This is evident throughout the entire document, but a few key issues that contradict the ideological assumptions on which it is intended to build the “Model” are more than sufficient. Suppose we look at the case of foreign investments, a kind of property that is currently being officially acknowledged by the government as “a source of development and means of accessing capital, technology, markets and managerial experience, which contributes production clusters and in the resolution of major structural imbalances…” (Item #90).
On the other hand, the principle that the economic system is planned, regulated and controlled by the State is sustained. The State also controls relations with international economies (point 203).
So the solution to the structural crisis of Cuba’s socialism is found in the forms of capitalist production, but the distribution of wealth stemming from market relations through foreign trade and foreign (capitalist) investment will be exerted by the socialist state. Then the wealth from capitalist production capacity would be state-socialist property, since, as stated by paragraph 124, “the State acts as a representative of the owner, which is the people.”
The colossal nationalization of the economy continues to be maintained, since, in its capacity as representative of the owners, the State decides and controls the destinies of the corporate profits of socialist property of all the people, after [the owners’] fulfillment of tax obligations and other commitments, (point 148).
This “representation” includes the regulation and control of institutions, companies and communications media as a strategic resource of the State–which is to say, the state monopoly of the media–“according to the policy designed” by the CCP, “preserving technology sovereignty, in compliance with the legislation established on matters of defense and national security” (points 110 and 111), in which it presupposes ratification of Law 88 (Gag Law).
Of course, the role of the State (government and one-party at the same time) as “patriarch” manager of wealth and properties under “representative of the people” is more than questionable, in a nation where presidential elections have not been held in over 60 years, and where more than 70% of the population was born after 1959 and has never had the opportunity to legitimize such paternity.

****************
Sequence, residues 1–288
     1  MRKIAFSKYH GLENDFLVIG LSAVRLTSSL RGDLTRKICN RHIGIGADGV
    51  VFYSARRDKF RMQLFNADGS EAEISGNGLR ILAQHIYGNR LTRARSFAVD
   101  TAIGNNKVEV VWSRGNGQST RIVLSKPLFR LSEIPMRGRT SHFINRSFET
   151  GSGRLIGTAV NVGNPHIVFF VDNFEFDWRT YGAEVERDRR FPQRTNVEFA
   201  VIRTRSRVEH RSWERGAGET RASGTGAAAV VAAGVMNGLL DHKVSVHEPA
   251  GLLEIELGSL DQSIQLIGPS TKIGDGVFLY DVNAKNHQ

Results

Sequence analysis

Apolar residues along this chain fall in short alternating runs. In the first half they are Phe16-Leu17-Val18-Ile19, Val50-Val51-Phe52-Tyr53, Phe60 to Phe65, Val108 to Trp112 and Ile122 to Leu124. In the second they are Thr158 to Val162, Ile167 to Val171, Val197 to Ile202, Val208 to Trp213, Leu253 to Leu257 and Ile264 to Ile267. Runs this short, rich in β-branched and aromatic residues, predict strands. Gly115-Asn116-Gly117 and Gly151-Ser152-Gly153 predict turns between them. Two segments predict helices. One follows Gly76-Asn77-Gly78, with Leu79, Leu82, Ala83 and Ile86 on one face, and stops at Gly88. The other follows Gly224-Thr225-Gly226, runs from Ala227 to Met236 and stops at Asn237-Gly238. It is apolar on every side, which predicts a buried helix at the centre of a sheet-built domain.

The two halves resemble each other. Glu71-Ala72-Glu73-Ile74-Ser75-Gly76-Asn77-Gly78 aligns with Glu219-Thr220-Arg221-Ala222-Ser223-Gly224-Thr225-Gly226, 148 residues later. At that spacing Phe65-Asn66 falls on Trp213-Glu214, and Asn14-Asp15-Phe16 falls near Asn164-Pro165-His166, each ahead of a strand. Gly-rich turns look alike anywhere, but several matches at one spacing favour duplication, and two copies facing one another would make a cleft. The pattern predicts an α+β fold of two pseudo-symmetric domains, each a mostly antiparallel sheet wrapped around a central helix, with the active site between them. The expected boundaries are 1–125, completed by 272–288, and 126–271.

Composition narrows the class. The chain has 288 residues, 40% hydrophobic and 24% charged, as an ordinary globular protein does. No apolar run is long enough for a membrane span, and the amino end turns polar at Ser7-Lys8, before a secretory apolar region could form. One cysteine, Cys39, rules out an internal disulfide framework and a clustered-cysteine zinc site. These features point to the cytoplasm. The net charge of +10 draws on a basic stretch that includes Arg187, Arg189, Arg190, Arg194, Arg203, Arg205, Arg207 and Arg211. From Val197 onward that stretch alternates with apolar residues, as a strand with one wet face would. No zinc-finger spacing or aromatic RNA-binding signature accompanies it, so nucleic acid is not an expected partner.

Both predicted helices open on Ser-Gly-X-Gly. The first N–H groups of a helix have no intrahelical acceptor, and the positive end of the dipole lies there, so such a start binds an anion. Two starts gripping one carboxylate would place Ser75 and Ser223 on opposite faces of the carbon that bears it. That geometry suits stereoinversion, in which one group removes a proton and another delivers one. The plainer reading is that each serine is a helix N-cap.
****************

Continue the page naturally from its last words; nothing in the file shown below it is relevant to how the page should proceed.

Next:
This is precisely what determines that the “new” proposal–absurdly futuristic, but almost identical to all the discursive rhetoric of the preceding decades–from the same octogenarian and retrograde ruling elite, does not arouse the interest of ordinary Cubans in the least. Why “debate” about the same old fait accompli? they ask themselves with the same apathy that dominates Cuban society.
Few have stopped to think that, with the popular “debate” which, it’s rumored, will take place around these documents, the ruling caste aims to “legitimize” the consecration of state capitalism for their own benefit, and will continue to cling to power beyond the biological possibilities of the olive-green banditos. This seems to be expressed in the presentation of the behemoth in question: we are facing the strategic legacy of the “historic generation” to new generations.
It is not possible to exhaust in a single article all the ambiguous rabbit trails that slither along the 330 points of the Conceptualization Project. For now, let’s summarize that they are the “good news” that Saint Raúl, of the olive-green, bearer of a truth that has certainly been revealed to him by his predecessor, the Great Orate: if we stick to the concept of “Revolution” of that wise old man, if the “Guidelines” are met and if the results of the implementation of these are effective, in the year 2030 Cubans will be in a position to “build a sovereign, independent, socialist, democratic, prosperous and sustainable nation.”
Let no one be surprised if, in the coming weeks, the number of emigrants from this impossible island increases exponentially.
By Cubanet, Miriam Celaya
Translated by Norma Whiting